While recording the album Etana was pregnant with her second child, a daughter born in November 2012, just three months before the album was released.

“Maybe at times I was affected by the pregnancy. All I Need was recorded at eight months, and it was tough doing the notes, but the rest was like nothing,” explains Etana adding that she channeled emotions and energy from the pregnancy into the album.

One of the songs, Til You Get Old, is Etana’s heartfelt pledge of love to her child, and the track also includes an actual birth. Not her own though.

“It’s our right to give birth. Giving birth and be happy about it,” she says.

One producer, one sound
Better Tomorrow is mainly recorded together with one single producer, Shane C. Brown, today probably best known for producing Busy Signal’s first reggae album and being the successful dancehall artist’s manager. The album was recorded with live musicians and Etana describes the album and the process recording it as a book with only one writer.1950_ETANA-BETTER

“Shane is very detailed and specific, but gives room to be creative, and he knew exactly what I wanted, where I was mentally. Spiritually we had a connection and it was easy to work with him,” she explains and gives an example:

“He could say ‘do the way you feel, do it your way, and then do it this way for me’”.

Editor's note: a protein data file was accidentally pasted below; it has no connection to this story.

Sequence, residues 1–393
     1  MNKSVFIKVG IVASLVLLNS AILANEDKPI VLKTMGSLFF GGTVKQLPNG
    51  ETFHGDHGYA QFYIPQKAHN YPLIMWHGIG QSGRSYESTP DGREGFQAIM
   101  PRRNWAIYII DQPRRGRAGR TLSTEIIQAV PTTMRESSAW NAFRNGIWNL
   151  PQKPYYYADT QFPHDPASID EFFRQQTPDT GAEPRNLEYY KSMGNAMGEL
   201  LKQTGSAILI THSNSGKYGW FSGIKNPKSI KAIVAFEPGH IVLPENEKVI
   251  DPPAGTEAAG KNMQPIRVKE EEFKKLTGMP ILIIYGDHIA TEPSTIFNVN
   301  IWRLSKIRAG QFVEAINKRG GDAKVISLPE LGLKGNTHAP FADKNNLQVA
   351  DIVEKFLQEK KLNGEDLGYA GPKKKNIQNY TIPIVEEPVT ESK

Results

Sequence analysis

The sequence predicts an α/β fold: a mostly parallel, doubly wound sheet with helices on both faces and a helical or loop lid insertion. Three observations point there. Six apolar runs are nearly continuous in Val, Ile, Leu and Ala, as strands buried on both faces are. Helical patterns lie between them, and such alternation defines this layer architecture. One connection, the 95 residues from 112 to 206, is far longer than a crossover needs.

Etana is obviously satisfied with how the album turned out, but she doesn’t have any great expectations about it.

“I never expect this or that. I just wanted to put it out there. I want the world to appreciate it and I’m grateful for everything that comes with it,” she concludes.

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Better Tomorrow includes Etana’s finest work yet

1950_ETANA-BETTERJamaican soulful singer Etana is about to put out her third album Better Tomorrow, a 14 track set mainly produced by Busy Signal’s manager Shane C. Brown. Working with mostly one sole producer gives the album a certain and very welcome cohesiveness, something her second album Free Expressions lacked.

Better Tomorrow is a warm effort where Etana has matured and evolved as a songwriter and she deals with motherhood, unconditional love and hopelessness offering optimism and comfort in times of struggle, distress and poverty.

Her sincere and soulful singing is sublime and especially heartfelt is Till You Get Old (Life’s Gift), dedicated to her newborn daughter and complete with audio clips from an actual birth set to the tones of piano, percussion and guitar. Being a parent myself, the track sends shivers down my spine.

But you don’t have to be a parent to appreciate this album. It has a little something for everyone, while staying almost true to the reggae format. On Whole New World she takes the listener on a 80’s funky trip and the title track leans toward a latin beat, while tracks such as The Strongest and the beautiful first single Reggae are more roots oriented with dub effects and smooth organ work.

Better Tomorrow sticks like glue and includes some of Etana’s finest work yet. Check it on CD and on digital platforms on 26 February.